A tour of Leuven offers many surprises - small as well as big. Of course, the town hall on the Great Market is impressive and is one of the most beautiful late Gothic buildings in Europe. It is decorated with hundreds of figures depicting biblical scenes as well as scholars and important figures in Louvain's history. It was built from 1439 to 1468 and stands directly opposite the St. Peter's Church.
The short film at the end of this article shows the carillon of the St. Peter's Church at noon. If you stroll south, you can briefly marvel at a "Sad Water Pump" and vis-a-vis a small Roccoco chapel and fortify yourself with a philosophical pizza before you reach the Great Beguinage, which is a UNESCO World Heritage Site.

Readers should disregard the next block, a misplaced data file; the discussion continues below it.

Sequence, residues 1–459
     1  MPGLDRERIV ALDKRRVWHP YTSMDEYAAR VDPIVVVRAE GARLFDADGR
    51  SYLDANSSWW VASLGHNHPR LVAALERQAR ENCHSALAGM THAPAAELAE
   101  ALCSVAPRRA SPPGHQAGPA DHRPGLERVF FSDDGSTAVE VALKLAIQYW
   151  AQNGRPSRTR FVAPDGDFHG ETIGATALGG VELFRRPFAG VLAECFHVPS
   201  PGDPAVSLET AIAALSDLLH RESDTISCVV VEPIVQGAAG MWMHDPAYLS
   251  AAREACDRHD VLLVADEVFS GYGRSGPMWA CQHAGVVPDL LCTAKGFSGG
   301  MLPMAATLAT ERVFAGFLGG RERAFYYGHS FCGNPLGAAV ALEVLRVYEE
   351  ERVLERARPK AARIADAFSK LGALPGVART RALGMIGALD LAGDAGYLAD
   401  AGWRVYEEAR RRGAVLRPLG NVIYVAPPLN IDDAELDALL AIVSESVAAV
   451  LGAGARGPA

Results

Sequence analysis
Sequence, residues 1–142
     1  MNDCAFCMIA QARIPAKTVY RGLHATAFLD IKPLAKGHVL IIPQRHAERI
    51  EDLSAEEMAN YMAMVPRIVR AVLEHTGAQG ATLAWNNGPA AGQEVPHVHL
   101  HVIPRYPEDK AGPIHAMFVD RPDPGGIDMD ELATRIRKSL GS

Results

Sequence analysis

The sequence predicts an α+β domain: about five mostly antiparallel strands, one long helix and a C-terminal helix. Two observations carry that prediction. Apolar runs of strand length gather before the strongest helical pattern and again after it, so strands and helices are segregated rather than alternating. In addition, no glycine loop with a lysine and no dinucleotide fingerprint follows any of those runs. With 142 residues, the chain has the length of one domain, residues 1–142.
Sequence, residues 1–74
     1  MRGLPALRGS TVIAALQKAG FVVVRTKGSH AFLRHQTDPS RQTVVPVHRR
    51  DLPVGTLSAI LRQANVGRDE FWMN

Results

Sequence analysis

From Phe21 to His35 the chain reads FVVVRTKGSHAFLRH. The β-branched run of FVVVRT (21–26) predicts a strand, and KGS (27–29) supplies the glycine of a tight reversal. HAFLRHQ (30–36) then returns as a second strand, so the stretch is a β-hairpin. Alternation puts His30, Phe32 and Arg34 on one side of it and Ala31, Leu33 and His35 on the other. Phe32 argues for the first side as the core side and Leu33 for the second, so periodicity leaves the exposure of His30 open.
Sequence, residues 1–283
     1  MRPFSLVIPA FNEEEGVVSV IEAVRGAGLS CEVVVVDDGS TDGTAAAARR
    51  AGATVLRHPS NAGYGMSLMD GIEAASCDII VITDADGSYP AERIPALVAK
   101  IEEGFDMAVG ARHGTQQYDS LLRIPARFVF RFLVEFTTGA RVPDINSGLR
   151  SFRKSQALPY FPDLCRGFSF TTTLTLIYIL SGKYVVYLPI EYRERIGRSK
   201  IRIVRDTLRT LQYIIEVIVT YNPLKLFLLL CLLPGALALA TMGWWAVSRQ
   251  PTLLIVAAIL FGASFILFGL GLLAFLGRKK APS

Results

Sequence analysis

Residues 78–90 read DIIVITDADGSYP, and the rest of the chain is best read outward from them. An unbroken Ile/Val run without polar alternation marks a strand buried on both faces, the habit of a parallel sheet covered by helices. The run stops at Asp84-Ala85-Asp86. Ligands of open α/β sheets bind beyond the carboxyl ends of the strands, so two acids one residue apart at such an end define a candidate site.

At the St. John the Baptist church inside the complex, a plaque gives the year 1234 as the founding date, which is easy to remember. The farm originated as a community for unmarried lay women (beguines) who led a religious life here. Religious lay communities such as beguines and begarden existed in many parts of Europe well into the 20th century. The life ideal of the beguines was based on Christian ideas of poverty and penance, and they carried out charitable activities for the poor, the sick and the dying. The Dijle flows through the Beguinage in Leuven and splits into two arms here.